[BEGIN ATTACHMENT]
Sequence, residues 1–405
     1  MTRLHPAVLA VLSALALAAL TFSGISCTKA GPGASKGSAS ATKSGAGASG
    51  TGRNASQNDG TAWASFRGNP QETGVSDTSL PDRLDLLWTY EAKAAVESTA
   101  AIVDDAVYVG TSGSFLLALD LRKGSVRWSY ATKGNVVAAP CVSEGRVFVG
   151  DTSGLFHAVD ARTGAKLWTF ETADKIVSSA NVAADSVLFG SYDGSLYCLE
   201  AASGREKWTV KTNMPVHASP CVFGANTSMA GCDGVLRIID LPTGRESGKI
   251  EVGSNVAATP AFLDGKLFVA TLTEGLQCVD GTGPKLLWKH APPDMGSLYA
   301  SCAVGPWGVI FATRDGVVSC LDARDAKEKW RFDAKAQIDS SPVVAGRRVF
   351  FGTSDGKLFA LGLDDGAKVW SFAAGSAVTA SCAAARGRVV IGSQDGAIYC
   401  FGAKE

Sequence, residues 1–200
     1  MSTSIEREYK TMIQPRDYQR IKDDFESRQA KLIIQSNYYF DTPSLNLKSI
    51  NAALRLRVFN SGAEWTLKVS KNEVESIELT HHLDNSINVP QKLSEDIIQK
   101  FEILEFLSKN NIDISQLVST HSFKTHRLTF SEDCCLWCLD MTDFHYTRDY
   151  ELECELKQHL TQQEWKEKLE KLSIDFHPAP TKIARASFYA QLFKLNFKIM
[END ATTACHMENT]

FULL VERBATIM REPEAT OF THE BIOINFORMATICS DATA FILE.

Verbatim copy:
Sequence, residues 1–405
     1  MTRLHPAVLA VLSALALAAL TFSGISCTKA GPGASKGSAS ATKSGAGASG
    51  TGRNASQNDG TAWASFRGNP QETGVSDTSL PDRLDLLWTY EAKAAVESTA
   101  AIVDDAVYVG TSGSFLLALD LRKGSVRWSY ATKGNVVAAP CVSEGRVFVG
   151  DTSGLFHAVD ARTGAKLWTF ETADKIVSSA NVAADSVLFG SYDGSLYCLE
   201  AASGREKWTV KTNMPVHASP CVFGANTSMA GCDGVLRIID LPTGRESGKI
   251  EVGSNVAATP AFLDGKLFVA TLTEGLQCVD GTGPKLLWKH APPDMGSLYA
   301  SCAVGPWGVI FATRDGVVSC LDARDAKEKW RFDAKAQIDS SPVVAGRRVF
   351  FGTSDGKLFA LGLDDGAKVW SFAAGSAVTA SCAAARGRVV IGSQDGAIYC
   401  FGAKE

Sequence, residues 1–200
     1  MSTSIEREYK TMIQPRDYQR IKDDFESRQA KLIIQSNYYF DTPSLNLKSI
    51  NAALRLRVFN SGAEWTLKVS KNEVESIELT HHLDNSINVP QKLSEDIIQK
   101  FEILEFLSKN NIDISQLVST HSFKTHRLTF SEDCCLWCLD MTDFHYTRDY
   151  ELECELKQHL TQQEWKEKLE KLSIDFHPAP TKIARASFYA QLFKLNFKIM